How to make a hydrogen peroxide bath? It is very simple: add ½ cup to 1 cup of 35% food grade peroxide to a bath-tub-full of water. Then get in and soak, preferably for 30 minutes or longer for a pleasant soak. That’s it!
That seems to cover it……
Oh, but you want to know more????
The usual recommendation is ½ to 1 cup of 35% hydrogen peroxide for a hydrogen peroxide bath. That’s equal to 6 to 12 cups of 3% hydrogen peroxide. Usually a brown bottle from the drugstore is 2 cups worth, so that would be 3 to 6 bottles of 3% in a bathtub.
I’ve seen a recommended amount starting lower – at ¼ cup of 35% peroxide. But usually it is ½ to 1 cup of 35% that is recommended.
Yes, one could use more, but I really recommend NOT using more than 1 cup (35%) unless you’ve taken lots and lots of baths with a cup and you know you are not having any side-effects that are uncomfortable. Even then, I would increase the amount very cautiously, and work up very very slowly.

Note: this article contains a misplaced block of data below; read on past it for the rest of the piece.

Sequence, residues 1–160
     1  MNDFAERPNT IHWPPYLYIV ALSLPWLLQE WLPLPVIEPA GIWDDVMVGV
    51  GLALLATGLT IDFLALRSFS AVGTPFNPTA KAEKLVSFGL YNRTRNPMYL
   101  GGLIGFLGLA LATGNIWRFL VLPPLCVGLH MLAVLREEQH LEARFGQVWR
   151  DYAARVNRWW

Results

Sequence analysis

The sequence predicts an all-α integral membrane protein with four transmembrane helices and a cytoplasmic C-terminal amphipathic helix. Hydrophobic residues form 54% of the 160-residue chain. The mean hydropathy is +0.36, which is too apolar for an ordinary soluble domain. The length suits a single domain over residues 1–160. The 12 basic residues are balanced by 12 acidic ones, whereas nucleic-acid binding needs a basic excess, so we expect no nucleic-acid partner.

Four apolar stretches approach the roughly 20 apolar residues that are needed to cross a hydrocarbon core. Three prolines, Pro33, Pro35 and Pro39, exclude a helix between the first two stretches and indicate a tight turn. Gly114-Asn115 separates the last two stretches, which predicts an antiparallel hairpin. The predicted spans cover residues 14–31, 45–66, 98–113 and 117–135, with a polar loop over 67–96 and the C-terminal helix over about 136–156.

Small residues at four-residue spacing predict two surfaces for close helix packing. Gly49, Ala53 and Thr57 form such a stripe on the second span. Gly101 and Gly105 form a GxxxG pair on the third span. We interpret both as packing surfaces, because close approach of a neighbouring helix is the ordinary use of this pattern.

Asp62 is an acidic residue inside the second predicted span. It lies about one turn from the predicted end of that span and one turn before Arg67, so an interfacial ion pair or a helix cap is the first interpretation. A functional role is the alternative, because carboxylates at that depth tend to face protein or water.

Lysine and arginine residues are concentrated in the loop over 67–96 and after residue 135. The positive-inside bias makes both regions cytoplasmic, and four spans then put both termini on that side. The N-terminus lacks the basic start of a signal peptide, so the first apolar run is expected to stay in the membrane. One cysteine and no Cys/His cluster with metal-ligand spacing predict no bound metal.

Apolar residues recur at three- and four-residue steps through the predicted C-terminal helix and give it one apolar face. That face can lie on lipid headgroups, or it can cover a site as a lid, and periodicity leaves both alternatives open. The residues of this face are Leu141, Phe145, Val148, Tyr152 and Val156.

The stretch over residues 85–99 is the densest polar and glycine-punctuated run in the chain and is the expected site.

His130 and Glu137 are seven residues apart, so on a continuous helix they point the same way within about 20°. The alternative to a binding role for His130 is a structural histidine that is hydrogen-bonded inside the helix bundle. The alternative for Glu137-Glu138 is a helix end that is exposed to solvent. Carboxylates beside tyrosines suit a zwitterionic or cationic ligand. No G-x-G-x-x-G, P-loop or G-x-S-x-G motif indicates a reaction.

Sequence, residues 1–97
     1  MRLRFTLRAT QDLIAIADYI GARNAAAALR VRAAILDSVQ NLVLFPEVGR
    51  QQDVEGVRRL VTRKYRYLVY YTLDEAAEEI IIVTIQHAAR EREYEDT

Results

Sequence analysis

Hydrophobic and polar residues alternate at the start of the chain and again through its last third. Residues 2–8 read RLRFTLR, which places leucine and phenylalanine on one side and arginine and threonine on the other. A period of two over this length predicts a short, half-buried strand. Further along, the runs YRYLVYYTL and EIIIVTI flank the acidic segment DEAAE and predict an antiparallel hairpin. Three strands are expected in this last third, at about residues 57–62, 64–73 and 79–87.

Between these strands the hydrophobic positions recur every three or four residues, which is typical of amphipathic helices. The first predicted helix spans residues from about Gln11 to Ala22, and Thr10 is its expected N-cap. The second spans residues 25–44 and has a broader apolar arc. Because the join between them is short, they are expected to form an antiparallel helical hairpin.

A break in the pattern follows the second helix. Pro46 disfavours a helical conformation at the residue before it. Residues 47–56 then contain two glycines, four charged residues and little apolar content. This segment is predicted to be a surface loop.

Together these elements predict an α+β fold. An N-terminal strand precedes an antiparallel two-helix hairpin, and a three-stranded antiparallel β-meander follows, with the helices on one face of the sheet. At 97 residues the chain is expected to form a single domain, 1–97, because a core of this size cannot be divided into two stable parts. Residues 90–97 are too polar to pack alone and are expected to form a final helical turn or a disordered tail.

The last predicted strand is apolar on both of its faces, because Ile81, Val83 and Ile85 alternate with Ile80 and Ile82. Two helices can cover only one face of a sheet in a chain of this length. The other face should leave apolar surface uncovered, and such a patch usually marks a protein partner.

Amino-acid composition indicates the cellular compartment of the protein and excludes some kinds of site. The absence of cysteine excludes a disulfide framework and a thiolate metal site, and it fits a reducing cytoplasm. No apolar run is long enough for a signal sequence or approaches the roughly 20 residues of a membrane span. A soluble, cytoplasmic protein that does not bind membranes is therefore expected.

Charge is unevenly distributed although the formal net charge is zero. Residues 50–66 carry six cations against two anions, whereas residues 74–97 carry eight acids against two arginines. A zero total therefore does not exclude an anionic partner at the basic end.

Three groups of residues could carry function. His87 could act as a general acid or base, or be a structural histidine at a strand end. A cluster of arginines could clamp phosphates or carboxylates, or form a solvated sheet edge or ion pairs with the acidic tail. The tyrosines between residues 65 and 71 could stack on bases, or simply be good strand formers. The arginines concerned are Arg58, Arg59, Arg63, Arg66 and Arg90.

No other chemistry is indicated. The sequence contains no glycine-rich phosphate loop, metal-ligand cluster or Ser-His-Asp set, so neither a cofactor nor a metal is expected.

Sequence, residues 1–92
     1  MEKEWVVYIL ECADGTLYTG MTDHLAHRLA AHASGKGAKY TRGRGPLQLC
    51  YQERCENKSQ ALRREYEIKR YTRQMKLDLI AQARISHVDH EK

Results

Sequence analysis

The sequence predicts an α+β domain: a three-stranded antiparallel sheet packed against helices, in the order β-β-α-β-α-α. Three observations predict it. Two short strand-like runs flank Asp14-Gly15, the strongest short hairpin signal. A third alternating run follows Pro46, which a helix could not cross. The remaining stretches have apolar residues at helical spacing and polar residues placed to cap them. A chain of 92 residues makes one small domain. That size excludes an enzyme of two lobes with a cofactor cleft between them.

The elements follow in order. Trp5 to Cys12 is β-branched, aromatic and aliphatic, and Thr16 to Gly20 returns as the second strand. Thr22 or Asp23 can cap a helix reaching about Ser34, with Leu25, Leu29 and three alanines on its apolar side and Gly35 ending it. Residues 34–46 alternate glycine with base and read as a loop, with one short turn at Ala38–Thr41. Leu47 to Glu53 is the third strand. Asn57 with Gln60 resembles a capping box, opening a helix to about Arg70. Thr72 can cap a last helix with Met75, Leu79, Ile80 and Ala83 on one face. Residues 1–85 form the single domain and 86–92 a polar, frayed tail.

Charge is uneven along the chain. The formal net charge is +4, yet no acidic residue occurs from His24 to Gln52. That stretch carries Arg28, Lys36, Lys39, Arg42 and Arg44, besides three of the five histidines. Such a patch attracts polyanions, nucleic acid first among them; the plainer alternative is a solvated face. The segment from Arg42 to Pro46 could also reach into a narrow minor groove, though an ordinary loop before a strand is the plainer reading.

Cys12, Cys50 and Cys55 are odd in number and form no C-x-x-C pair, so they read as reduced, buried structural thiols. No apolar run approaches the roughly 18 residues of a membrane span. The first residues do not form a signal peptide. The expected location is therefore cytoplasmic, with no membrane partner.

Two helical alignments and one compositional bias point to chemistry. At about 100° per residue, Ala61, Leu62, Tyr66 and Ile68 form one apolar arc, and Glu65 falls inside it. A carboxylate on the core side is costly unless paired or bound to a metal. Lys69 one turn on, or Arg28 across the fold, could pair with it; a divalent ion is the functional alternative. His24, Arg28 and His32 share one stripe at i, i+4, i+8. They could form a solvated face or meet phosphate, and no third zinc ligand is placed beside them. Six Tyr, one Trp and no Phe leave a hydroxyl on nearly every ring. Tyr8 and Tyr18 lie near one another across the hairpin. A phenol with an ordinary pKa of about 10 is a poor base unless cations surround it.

Oh, sorry to jump ahead there. Well, taking a hydrogen peroxide bath is like giving yourself an oxygen supplement. That is, there is speculation that we can absorb some of the oxygen through our skin. And, people have reported all sorts of positive and negative effects from peroxide baths. It’s said that a peroxide bath is very detoxifying.
Some people report problems like headaches and loose stools after bathing with peroxide. Many times people take these symptoms as “detox reactions” – the body doing some housecleaning with the extra oxygen you’ve provided. That’s why I said that I would not recommend using more than the recommended amount. At least not until you’re very comfortable with peroxide baths.
I’ve used up to 4 cups of 35% peroxide in a tub of water. And yes, I worked up to that very very gradually. I think it is pretty unusual to use that much.
I’ve also read the recommendation not to take a bath with peroxide at night, because some people report that the extra oxygen gives them lots of energy, so going to bed and sleeping may be difficult. Personally, I’ve not found that to be the case. (But it sounds like a nice problem to have!)